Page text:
In 1663 Jakusits Imre from the castle of Oroszlánkő surprised and defeated the Crimean Tatars who were plundering the area. In 1680, Suhajda János, the lieutenant of Thököly, attacked and burned down the castle of the royalist Jakusits.

Oroszlánkő (in 1761) Source: Szöllösi Gábor www.varlexikon.hu

According to the inventory of 1683, the lower castle was built on a rock, two stories high, spacious enough for the lord’s quarters, with stone and wooden buildings. The lower castle was one-storeyed, with various rooms, and was very dilapidated. Granary, stables for 30 horses, two good cellars. Both castles had a small cistern, which belonged to Jakusits Imre and his wife. Jakusits’s will, written in 1692, stated that he had repaid a loan from his wife to repair the castle.

Oroszlánkő (in the 19th century) Source: Szöllösi Gábor www.varlexikon.hu

When Jakusits Imre died in 1694, Oroszlánkő was returned to the king. The estate was bought in 1695 for 65000 forints and 300 gold pieces by Breuner Siegfried of Steving, the president of the Chamber, who also owned the Illava manor. According to the inventory made at that time, the castle, which was very neglected, had 4 small cannons and 56 handguns.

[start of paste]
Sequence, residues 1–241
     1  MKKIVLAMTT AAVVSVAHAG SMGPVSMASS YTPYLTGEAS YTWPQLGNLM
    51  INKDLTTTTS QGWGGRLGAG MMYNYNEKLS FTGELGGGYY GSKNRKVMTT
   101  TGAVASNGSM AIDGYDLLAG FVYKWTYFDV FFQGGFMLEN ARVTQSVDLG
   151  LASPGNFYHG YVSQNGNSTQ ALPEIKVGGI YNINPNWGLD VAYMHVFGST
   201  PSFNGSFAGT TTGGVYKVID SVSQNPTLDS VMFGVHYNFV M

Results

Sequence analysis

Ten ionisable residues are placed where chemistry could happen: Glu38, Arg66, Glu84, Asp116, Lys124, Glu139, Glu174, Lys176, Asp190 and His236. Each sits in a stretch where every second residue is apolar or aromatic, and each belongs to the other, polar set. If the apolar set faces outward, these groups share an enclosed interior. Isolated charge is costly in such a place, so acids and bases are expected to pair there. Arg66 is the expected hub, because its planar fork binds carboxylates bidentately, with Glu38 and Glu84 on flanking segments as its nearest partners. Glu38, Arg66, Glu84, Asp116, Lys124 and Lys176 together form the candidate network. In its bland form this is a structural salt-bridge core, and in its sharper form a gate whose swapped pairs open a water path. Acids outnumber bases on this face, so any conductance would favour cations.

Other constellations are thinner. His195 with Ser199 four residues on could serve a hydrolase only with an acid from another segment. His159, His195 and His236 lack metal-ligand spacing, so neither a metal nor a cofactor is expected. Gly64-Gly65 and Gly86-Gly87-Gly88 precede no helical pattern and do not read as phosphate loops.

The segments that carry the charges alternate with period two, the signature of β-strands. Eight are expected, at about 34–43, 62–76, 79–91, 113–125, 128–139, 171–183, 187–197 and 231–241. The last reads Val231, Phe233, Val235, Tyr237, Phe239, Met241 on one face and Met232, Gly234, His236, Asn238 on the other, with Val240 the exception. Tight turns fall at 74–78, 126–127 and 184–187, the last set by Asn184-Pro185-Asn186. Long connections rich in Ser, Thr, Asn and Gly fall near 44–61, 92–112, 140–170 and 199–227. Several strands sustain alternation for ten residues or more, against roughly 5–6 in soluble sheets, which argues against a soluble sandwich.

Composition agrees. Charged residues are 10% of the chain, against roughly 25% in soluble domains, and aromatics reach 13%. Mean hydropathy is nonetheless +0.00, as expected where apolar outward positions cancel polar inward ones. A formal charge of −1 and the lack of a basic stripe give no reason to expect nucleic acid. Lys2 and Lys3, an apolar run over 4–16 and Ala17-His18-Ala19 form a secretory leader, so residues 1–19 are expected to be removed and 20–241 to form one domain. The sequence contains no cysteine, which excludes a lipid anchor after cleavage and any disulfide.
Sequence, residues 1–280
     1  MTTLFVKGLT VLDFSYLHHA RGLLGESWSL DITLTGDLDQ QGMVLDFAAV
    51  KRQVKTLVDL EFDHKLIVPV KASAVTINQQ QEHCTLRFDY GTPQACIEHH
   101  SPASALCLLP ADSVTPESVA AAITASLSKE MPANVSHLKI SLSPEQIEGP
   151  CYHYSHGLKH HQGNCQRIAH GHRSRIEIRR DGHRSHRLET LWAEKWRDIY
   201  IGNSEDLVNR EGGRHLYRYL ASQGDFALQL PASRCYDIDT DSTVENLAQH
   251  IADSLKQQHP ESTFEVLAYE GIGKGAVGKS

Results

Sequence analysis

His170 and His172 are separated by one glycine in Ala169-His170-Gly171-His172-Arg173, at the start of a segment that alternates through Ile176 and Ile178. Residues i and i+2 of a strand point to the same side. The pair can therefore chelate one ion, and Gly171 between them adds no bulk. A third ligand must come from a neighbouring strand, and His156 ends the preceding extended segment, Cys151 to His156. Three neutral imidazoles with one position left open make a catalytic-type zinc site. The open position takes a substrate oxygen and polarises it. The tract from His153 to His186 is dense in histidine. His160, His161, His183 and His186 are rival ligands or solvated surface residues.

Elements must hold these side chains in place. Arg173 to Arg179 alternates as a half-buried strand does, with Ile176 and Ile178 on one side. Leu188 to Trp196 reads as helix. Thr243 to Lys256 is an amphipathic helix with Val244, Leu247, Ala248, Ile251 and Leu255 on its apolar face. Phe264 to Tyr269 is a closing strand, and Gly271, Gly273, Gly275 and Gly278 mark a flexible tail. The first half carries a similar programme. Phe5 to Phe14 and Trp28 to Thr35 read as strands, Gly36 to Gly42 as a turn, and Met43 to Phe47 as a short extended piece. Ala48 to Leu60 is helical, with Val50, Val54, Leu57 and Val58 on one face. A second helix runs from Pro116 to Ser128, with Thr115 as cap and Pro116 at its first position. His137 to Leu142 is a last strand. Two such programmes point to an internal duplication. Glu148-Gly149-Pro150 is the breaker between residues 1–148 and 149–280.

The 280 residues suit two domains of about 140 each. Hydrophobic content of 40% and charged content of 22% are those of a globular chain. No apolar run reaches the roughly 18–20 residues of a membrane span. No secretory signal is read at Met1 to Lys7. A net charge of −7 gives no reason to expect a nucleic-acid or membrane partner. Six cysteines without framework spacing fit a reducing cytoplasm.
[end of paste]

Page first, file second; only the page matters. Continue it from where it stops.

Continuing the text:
Oroszlánkő (in 1905) Source: Szöllösi Gábor www.varlexikon.hu

In 1689, Countess Breuer became the owner of the castle, and she immediately transferred it to her son-in-law, Count Königsegg Siegfried Károly, Imperial Colonel of Aulendorf. In October 1705 the Kuruc troops surprised the German guards of Oroszlánkő and took the castle.

Oroszlánkő Photo: Szöllösi Gábor www.varlexikon.hu

In March 1707 the troops of Major General Viard defeated the Hajdú troops of Révay Imre at Pruszka and besieged the castle unsuccessfully. In the fall of 1707, after his successful raid on Beckó castle, Ocskay fortified the small fortresses still in the hands of the Kuruc: Lednice, Kaszavár, Oroszlánkő, Vág-Beszterce, Biccse, Budatín, Óvár and Lietava. Except for Óvár, he found all the castles in a very neglected state and almost empty. At the beginning of October, Eszterházy Antal sent Colonel Winkler Vilmos from Érsekújvár with 300 Hajdú soldiers and 8 howitzers to reinforce these castles with garrisons.

Oroszlánkő Photo: Lánczi Imre